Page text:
British Café Racers by Uli Cloesen
Much has been written about the lean, purposeful species of motorcycle known as café racers (see links below for more reading on the subject).
To many, both the genesis and on-going spirit of the café racer culture lies principally with British bikes and bike builders. While most books and magazines devoted to café racers include British bikes, Uli Cloesen’s new book, British Café Racers, deals almost exclusively with them. I say “almost” exclusively because Cloesen did include a Harley-powered machine built by Peter Sutton and Andy Marsden.
In his fast-paced seven chapters, Cloesen takes the reader through a stunning alphabet soup of some of the best café racers built around British brands in the world. I say alphabet because he literally organized the narrative and book’s excellent 250 color images alphabetically, from AJS and BSA to Velocette and Weslake. It makes searching the book for your favorite marque easy so it makes sense.
True to the original nature of the café racer, most of the machines are original designs hand-built around classic, high-performance engines on a one-off or very limited edition basis. However, Cloesen does include some present-day mass-produced models that fit the category, as well, such as the Royal Enfield Continental GT and Triumph Thruxton 1200R.
The book covers the range of café racer designs from lean, mean and super-clean to the jaw-dropping double engine Tri2Ton. That machine, built by Peter Andrews, is powered by two Triumph 650 Bonneville engines wedged into a Norton wide line frame that had been modified for drag racing. The massive machine is the only registered, road-legal double engine 1300cc Triton in England!
Cloesen includes such hybrids as the Triton, Tribsa, Norvin, Noriel, Velton and others and a range of true high-performance road legal bikes and some racing bikes, as well. One of the most interesting specials featured is the Carberry Enfield V-twin built by Australians Paul Carberry and Ian Drysdale.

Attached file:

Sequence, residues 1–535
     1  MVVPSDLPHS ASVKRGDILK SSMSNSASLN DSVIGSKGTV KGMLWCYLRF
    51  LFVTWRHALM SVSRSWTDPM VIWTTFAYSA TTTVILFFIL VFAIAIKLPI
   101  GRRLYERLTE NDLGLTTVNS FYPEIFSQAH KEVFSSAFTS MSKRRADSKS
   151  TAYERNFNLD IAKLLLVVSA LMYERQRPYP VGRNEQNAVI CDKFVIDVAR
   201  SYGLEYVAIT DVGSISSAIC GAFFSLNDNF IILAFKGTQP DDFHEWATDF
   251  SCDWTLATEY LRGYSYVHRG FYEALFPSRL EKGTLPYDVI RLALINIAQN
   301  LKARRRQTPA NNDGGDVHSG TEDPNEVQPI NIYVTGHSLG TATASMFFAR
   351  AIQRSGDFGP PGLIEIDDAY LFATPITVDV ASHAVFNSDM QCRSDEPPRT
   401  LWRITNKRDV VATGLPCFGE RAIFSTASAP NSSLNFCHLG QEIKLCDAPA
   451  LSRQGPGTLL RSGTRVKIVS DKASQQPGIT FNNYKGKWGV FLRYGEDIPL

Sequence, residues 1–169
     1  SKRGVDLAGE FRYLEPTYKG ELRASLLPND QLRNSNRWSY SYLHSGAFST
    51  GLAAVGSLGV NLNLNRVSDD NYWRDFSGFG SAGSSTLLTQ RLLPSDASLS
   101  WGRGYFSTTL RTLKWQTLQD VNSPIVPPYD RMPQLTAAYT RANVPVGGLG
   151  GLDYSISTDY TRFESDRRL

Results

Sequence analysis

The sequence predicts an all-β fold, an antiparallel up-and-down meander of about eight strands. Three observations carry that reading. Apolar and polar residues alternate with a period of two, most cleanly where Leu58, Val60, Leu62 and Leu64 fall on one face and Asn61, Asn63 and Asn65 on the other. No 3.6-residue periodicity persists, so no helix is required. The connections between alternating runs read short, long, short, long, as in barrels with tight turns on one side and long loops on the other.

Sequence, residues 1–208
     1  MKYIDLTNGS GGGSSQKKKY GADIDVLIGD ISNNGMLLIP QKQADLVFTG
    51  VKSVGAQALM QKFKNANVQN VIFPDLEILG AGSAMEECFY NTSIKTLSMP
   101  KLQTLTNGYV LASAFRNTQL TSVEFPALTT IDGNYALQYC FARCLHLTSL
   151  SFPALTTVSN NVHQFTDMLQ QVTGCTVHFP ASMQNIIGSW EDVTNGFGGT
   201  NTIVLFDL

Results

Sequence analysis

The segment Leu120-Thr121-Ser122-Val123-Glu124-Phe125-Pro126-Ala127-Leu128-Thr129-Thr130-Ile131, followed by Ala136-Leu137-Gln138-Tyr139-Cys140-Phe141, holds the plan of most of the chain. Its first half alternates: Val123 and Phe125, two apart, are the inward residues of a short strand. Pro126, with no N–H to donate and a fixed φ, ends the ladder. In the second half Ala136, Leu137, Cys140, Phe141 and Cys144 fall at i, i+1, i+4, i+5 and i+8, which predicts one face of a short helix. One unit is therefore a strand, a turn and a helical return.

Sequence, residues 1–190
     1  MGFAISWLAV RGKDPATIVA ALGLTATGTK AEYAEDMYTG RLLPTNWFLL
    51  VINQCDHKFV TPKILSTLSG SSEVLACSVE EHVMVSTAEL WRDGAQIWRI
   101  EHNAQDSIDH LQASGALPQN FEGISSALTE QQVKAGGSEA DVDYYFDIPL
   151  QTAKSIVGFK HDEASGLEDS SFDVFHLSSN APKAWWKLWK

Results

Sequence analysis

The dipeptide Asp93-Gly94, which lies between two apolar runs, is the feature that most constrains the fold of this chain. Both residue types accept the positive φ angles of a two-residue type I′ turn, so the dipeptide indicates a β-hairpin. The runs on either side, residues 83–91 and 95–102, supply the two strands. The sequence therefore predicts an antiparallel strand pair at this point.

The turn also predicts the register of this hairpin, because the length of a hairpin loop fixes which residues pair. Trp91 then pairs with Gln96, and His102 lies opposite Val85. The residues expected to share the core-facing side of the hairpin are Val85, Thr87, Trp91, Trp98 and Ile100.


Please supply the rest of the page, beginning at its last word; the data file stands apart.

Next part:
It is the combination of two 500cc Royal Enfield singles into a 55 degree OHV 1000cc V-twin. Originally launched in Australia with the intent of building complete motorcycles with the engine, the operation has since moved to India for eventual mass production.
If you’re thinking about a café racer of your own, are already into café racers or just enjoy the lean, purposeful lines of the bikes, Cloesen’s book will be one you’ll go back to again and again.
- Title: British Café Racers
- Author: Uli Cloesen
- Published: 2016 Hardcover. 128 pages. Measures 9.75” x 9.75.”
- Publisher: Veloce Publishing, Parkway Farm Business Park, Middle Farm Way, Poundbury, Dorchester, DT1 3AR, England
- Distributed in North America by Quarto Publishing Group, firstname.lastname@example.org 1-612-344-8100
- ISBN: 978-1-845848-96-5 MSRP: U.S. $49.95 U.K. £30 CAN $64.99
Other books on Café Racers you can read about on Ultimate Motorcycling:
- Rider’s Library Review: How to build a Café Racer by Doug Mitchel
- Rider’s Library Review: Café Racers Speed, Style and Ton-up Culture